Tuesday, August 15, 2006

Bug and chips twice, please

How about that for a book title?

I've had this little book for a number of years now, ever since I attended an evening lecture run by the London Natural History Museum in the late 1980s. It was written by Vincent M Holt and first published in 1885 by the Museum itself.

The lecturer, whose name I've forgotten I'm afraid, made the very valid point that insects and other invertebrates outnumber us backboners by millions to one. And yet, on the whole, this vast source of protein is almost entirely unused. I say almost ... because we do eat some. In the UK, we eat crabs and prawns and lobsters, cockles, scallops and oysters. But if it hasn't come out of the sea we go all weird and wobbly. Why? Why this prejudice against land-based arthropods? The lecturer (and I'll have to paraphrase here) made this very point.

Prawns and locusts share a common ancestry. They are both arthropods with external skeletons and almost identical internal arrangements. However, one evolved to live on land and in the air; the other to live in the sea. Locusts eat grain and corn and green leaves and fruit. Prawns eat fish crap, bacteria and micro-organisms and quite frequently hang around near sewage outfalls. So which would you rather eat? Most would still go for the prawn.

And yet, they taste pretty much the same. I can vouch for that. This wasn't just a lecture, you see ... it was a tasting. And during the evening I munched my way through deep fried honey ants, a barbecued witchety grub, a kind of black pudding made from flies and a locust cocktail. And they were all delicious. They really were.

He also explained that there would be less famine in some areas of Africa if people started eating insects again. Unfortunately, this source of valuable protein has been lost ever since Christian Missionaries managed to persuade the vast majority of tribes that eating bugs was dirty and disgusting. A prejudice, incidentally, that was foisted onto most of you too.

Food prejudices are not a uniquely British phenomenon, but we are oddly particular. We'll eat a lamb or a calf or a cow or a pig. But we won't eat a horse or a dog or a squirrel. Most people will no longer eat rabbit (delicious) and the fishmongers get asked for almost nothing but cod. Try some John Dory, or gurnard, or pollock or hake - they're fantastic fish. And what's with the idea of 'dolphin-friendly tuna'? What's so special about dolphins? Is it because they look like they're smiling? Or is it their supposed intelligence? Let's face it, if whales were that intelligent, they wouldn't keep swimming near Japan would they? No one seems to give a toss about the tuna, though. All tinned tuna is tuna-unfriendly.

This is a perfect example of what some call species-ism but what I call Mammal-nepotism; the idea being that the closer something is related to us, the more we like it; the further away it is, the ickier it is. It's no great surprise that the Worldwide Fund for Nature (WWF) chose a charismatic warm-blooded mammal - the giant panda - for its logo is it? Yet if you look at the list of critically endangered species (as opposed to just endangered) what do we find? The Antiguan Racer Snake, the Spotted Handfish, the Australian Ant, and the Southern Blue Fin Tuna (I hope you're listening to this, Flipper).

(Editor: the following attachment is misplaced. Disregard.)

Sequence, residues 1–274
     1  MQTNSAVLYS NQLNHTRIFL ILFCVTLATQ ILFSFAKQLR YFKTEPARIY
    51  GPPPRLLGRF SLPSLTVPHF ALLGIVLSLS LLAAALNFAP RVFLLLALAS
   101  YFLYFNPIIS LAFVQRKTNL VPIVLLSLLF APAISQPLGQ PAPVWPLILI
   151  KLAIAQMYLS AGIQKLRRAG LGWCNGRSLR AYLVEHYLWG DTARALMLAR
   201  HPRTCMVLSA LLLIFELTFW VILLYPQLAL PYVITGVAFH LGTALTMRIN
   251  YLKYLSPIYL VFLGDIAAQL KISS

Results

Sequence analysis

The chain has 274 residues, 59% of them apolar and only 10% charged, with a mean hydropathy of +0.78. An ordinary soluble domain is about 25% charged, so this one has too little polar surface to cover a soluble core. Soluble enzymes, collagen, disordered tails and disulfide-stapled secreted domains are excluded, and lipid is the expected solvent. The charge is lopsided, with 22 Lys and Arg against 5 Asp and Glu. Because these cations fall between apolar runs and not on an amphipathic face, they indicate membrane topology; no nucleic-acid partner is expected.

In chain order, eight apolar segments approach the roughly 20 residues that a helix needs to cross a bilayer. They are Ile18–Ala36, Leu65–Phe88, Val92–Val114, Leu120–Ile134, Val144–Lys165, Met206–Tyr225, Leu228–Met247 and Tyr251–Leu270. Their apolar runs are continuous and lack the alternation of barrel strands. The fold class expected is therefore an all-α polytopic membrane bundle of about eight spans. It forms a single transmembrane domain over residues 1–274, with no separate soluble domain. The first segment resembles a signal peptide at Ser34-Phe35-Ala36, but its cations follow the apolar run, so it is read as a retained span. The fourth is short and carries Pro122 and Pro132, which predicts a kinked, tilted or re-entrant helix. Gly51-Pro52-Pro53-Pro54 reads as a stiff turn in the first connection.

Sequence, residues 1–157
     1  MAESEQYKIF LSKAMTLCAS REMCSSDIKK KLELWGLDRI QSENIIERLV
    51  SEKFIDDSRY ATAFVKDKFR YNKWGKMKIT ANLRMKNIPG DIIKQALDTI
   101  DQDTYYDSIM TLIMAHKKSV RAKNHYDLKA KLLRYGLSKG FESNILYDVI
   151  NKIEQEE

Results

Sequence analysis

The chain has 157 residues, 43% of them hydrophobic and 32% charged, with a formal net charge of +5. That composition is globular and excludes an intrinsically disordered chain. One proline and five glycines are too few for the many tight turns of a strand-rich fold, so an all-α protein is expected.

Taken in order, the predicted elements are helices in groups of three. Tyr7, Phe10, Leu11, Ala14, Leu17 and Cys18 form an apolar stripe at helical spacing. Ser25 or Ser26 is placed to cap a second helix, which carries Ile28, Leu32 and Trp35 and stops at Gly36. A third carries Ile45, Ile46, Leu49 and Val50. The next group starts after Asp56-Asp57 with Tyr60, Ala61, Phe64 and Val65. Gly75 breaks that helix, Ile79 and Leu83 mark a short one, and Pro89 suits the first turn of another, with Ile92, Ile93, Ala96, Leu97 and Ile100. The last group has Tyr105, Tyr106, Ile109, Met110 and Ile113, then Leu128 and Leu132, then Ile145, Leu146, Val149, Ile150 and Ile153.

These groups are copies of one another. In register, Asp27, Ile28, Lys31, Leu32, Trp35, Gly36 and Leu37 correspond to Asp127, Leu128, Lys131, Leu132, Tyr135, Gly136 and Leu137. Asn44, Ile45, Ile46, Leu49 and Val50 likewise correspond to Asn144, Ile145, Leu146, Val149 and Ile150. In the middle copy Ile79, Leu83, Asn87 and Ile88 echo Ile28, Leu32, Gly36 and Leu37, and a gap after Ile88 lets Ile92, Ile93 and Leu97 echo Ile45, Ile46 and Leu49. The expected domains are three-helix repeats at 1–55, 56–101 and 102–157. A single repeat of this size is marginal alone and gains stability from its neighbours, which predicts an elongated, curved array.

But as Douglas Adams pointed out in his book Last Chance to See (co-written with Mark Carwardine), the best way to save an animal from extinction is to eat it. As soon as an animal or plant has commercial value, resources will be found to make lots of them. Chickens will never be extinct. However, let's return to the subject of eating insects. Here are a few facts for you.

There are 1,462 recorded species of edible insect. Mealworms are an incredibly rich source of nutrition, having more complete protein than soy, meat, or fish and are concentrated sources of calcium, niacin, magnesium, potassium, the B-vitamins, and many other nutrients. Wouldn't they go some way to alleviating world hunger? And they're beetle larvae - beetles are the most numerous species on the planet. 100g of crickets or grasshoppers contain 121 calories, 12.9g of protein, 5.5g of fat, 5.1g of carbohydrates, 75.8 mg of calcium, 185.3mg of phosphorous, 9.5mg of iron, 0.36mg of thiamin, 1.09mg of riboflavin and 3.10mg of niacin.

Fully 95% of all living creatures on Earth are insects – that’s approximately 10 quintillion (10, 000, 000, 000, 000, 000, 000) individual insects alive on this planet at this exact moment. 10% of the total biomass of life on Earth is made up just of ants (some scientists claim the figure may even be as high as 15-20%). And that’s not counting the other arthropods – spiders, scorpions, crabs, lobsters, woodlice, etc. many of which are also edible. By comparison, we humans make up just 0.33% - and there are six billion of us.

So, if we embraced the bug as a foodstuff, we'd not only ensure the bugs' and our survival; we'd also have an exciting new range of meals to choose from. Anticipating this, the excellent Mr Holt included recipes and suggested menus in his little book. Who could not resist the lure of Boeuf aux chenilles (Braised beef with caterpillars), Larves de guepes frites au rayon (Wasp grubs fried in the comb) or the ultimate supper dish of Phalenes au parmesan (Moths on toast)?

There is absolutely no difference between a snail and an oyster - they are both gastropods. And the snails you pay so much for in France are the same as the ones in your back garden. Exactly the same. So get out the garlic butter and tuck in.

You have nothing to lose but your prejudices.
Grow-a-Brain has some great insect-eating links on his site here.


Me said...

Great post - but not tempted to snack on the insect suggestion.
This is a first for an overeating obese woman like myself!

Mark said...

I'm going to link to you for this post, btw.